The NFL is a domestic powerhouse, earning the highest rights fees in what is the world’s pre-eminent media market.
For the long-term renewals of its domestic rights, there was little to no competition between the US media giants for each package. Each package was too expensive for a company to acquire more than one, so expanding the digital rights made available to the media groups and shaping the offer to their strategic needs was essential to add value.
The NFL’s decision to allow Disney and NBC to each reserve one NFL game per season exclusively for their streaming platforms helped in securing strong increases, as did the decision to provide broadcasters with rights to simulcast all respective games across their linear and digital platforms.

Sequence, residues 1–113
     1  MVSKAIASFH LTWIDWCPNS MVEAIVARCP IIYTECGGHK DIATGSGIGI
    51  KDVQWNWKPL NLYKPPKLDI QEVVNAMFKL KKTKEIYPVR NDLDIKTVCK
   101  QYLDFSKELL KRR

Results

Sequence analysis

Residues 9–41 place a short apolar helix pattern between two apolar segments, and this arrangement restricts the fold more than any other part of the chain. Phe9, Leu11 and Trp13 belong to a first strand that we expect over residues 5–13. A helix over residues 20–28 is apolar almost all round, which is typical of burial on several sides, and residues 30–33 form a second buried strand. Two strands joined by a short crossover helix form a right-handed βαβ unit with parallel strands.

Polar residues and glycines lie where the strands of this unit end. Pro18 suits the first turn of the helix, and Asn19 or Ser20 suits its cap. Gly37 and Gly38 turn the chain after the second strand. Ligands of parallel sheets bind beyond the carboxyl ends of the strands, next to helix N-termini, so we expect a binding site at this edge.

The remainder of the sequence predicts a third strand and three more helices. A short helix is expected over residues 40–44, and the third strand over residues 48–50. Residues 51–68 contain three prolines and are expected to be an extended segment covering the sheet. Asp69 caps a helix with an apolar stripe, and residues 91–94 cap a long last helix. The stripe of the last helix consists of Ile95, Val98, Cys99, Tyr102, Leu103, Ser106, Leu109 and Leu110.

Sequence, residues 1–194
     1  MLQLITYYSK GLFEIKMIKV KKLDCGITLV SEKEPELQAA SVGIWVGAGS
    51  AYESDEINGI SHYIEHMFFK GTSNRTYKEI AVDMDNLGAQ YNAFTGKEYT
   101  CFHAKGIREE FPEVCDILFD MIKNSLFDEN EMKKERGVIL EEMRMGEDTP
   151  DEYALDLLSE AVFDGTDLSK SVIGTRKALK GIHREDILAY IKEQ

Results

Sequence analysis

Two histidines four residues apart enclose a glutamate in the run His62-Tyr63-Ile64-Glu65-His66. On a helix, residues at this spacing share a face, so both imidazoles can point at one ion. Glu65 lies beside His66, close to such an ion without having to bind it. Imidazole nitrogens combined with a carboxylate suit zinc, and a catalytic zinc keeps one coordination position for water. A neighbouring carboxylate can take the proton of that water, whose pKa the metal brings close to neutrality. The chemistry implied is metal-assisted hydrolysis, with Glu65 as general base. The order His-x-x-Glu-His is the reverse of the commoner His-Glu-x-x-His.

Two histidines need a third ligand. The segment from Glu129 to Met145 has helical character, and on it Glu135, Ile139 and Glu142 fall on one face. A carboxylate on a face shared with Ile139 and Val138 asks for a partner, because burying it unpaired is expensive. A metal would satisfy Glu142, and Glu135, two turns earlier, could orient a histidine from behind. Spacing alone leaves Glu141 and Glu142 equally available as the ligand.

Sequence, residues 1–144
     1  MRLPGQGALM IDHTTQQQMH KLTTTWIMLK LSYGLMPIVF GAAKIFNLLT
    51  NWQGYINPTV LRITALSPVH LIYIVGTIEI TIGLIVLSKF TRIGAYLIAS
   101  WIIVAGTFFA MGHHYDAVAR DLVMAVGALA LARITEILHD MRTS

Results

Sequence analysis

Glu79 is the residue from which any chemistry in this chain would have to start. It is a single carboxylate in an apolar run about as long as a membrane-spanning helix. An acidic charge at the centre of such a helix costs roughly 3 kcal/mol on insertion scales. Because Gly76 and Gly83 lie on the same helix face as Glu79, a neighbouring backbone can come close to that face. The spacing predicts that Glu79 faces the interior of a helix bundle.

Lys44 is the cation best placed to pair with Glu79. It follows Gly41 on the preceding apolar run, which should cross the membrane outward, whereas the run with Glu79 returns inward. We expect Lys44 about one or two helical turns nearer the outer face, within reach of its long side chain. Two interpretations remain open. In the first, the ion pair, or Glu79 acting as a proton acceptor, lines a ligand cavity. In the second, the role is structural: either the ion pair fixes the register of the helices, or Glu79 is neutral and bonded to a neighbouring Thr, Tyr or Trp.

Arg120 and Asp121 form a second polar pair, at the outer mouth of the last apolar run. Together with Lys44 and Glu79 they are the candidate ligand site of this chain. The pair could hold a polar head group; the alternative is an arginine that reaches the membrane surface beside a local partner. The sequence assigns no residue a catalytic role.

Amazon’s deal for Thursday Night Football rights perhaps best demonstrates the premium that can currently be placed on moving rights from linear to digital in the US.
Within the initial rights extensions, there are a number of notable changes in addition to a sharply heightened presence of streaming for each partner, such as a shift of Thursday night rights from a shared situation to exclusivity for Amazon, and a redistribution of future Super Bowls that will incorporate Disney-owned commercial broadcaster ABC into the broadcast rotation for the game for the first time since 2006.
Domestic distribution from 2023 onwards
NBC: The Comcast-owned network retained its rights to Sunday Night Football, which has spent the past decade as the top-ranked primetime programme in all of US television. The network will have Super Bowls in 2022, 2026, 2030, and 2034.